The Man Who Never Was

The Man Who Never Was

The Man Who Never Was

The Man Who Never Was

Excerpt

by General the Rt. Hon. Lord Ismay, G.C.B., C.H., D.S.O. Secretary-General of the North Atlantic Treaty Organisation and, from 1940 to 1946, Chief of Staff to Mr. Winston Churchill, the Minister of Defence.

To MYSTIFY and mislead the enemy has always been one of the cardinal principles of war. Consequently, ruses de guerre of one kind or another have played a part in almost every campaign ever since the episode of the Trojan horse, or perhaps even earlier.

The game has been played for so long that it is not easy to think out new methods of disguising one's strength or one's intentions. Moreover, meticulous care must be exercised in the planning and execution of these schemes. Otherwise, so far from deceiving the enemy, they merely give the show away.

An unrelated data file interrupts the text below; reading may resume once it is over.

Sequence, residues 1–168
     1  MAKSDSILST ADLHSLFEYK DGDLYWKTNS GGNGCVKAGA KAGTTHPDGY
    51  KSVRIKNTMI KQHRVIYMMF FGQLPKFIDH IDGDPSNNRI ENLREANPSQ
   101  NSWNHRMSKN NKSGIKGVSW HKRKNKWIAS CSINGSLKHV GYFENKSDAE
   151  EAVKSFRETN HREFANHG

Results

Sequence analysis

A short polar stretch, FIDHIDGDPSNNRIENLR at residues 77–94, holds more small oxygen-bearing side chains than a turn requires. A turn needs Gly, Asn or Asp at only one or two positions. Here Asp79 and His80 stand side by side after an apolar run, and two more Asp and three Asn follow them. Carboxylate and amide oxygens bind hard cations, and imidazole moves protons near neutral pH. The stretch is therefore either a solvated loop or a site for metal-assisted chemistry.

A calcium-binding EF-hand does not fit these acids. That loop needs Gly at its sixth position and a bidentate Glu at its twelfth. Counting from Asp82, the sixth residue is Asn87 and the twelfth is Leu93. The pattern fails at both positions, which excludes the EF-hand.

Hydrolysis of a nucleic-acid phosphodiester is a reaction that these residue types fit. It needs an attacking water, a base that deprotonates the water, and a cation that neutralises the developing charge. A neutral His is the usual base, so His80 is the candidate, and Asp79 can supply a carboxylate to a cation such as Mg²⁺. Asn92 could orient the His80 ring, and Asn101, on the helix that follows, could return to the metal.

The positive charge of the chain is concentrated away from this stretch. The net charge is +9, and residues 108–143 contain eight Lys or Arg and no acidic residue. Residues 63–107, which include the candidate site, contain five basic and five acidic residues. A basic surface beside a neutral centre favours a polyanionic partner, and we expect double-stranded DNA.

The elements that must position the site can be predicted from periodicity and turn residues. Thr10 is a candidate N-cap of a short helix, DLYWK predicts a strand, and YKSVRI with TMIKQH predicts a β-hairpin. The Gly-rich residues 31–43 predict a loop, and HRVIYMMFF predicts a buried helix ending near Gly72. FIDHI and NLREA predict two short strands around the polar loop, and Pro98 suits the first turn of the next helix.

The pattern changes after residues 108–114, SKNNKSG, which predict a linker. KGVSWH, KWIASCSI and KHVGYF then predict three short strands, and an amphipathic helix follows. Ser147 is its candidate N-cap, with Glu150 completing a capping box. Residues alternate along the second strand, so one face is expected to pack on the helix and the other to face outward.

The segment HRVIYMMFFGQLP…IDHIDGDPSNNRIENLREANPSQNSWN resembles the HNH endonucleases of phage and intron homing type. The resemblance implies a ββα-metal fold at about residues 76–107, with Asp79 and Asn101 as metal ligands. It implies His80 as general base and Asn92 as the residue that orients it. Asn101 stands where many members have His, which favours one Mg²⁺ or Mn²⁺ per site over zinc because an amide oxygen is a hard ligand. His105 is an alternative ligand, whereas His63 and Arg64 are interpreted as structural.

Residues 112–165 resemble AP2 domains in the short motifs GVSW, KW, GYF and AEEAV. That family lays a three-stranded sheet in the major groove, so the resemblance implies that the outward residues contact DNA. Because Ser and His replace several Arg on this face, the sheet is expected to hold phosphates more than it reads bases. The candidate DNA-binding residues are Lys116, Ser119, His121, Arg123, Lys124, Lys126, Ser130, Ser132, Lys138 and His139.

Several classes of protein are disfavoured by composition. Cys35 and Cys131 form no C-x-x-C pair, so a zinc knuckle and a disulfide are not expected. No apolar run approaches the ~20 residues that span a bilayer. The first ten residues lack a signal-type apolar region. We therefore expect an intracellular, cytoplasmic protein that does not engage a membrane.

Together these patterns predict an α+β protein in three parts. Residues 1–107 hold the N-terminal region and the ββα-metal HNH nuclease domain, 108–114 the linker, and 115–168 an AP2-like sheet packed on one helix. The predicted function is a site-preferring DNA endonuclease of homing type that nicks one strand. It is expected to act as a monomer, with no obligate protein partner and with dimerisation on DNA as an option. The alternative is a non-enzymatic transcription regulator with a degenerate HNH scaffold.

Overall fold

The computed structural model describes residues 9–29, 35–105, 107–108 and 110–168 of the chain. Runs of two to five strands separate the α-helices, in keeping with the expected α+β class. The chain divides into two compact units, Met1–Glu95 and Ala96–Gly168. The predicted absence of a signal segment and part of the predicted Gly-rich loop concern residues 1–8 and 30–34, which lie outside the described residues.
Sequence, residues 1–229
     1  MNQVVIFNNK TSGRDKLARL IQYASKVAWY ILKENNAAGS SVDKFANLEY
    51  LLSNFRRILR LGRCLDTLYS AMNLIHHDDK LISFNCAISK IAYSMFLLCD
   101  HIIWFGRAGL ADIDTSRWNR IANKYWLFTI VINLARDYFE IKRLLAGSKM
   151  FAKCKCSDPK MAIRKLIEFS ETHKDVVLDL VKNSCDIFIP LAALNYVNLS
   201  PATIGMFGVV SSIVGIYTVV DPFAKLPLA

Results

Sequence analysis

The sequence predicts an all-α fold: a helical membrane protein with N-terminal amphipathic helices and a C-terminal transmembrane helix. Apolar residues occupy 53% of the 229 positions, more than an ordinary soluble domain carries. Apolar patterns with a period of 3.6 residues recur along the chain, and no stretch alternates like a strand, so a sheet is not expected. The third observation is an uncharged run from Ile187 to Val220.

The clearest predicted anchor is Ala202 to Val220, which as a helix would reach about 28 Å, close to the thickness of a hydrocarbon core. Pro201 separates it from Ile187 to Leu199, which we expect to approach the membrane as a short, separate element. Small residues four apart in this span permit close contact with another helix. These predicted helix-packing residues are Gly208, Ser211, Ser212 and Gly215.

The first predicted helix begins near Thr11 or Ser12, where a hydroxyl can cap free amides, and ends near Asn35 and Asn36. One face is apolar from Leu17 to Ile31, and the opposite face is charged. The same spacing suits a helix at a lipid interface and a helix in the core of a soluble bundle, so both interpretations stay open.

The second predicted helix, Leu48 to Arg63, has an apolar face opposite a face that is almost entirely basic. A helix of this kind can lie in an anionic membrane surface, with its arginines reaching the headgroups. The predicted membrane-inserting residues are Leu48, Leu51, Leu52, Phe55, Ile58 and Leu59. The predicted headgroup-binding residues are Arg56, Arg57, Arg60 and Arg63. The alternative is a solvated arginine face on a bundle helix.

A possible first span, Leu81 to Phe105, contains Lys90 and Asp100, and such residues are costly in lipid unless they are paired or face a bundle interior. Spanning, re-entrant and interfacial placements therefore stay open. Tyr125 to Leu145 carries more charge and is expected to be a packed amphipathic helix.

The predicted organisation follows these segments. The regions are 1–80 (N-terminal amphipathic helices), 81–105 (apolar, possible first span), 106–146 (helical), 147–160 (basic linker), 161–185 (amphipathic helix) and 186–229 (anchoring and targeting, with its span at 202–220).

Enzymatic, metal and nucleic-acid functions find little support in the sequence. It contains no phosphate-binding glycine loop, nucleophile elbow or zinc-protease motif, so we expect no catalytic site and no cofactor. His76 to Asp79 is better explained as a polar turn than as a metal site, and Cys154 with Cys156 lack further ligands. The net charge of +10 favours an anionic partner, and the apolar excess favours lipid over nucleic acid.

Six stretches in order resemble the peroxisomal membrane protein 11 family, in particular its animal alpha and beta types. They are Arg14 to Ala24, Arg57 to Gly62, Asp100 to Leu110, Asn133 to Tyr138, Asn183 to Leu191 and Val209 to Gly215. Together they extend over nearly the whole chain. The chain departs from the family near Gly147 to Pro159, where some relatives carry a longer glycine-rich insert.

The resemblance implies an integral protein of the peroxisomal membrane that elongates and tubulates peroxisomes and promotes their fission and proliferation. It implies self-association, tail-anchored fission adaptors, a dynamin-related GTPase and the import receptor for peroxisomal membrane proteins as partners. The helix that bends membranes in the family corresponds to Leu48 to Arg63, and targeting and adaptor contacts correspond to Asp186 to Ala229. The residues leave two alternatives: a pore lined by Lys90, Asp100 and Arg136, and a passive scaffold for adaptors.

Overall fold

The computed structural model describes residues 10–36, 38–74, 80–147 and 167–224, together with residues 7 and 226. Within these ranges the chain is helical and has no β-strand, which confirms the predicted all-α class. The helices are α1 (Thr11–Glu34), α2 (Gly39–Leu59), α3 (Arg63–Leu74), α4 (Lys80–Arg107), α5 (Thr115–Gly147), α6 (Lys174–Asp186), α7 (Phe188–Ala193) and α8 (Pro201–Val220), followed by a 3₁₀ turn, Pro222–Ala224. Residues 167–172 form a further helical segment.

The Allies decided that their next step, after the battle for Tunisia, should be the invasion of Italy through Sicily. We felt sure--one always does on these occasions--that this was such an obvious corollary to . . .

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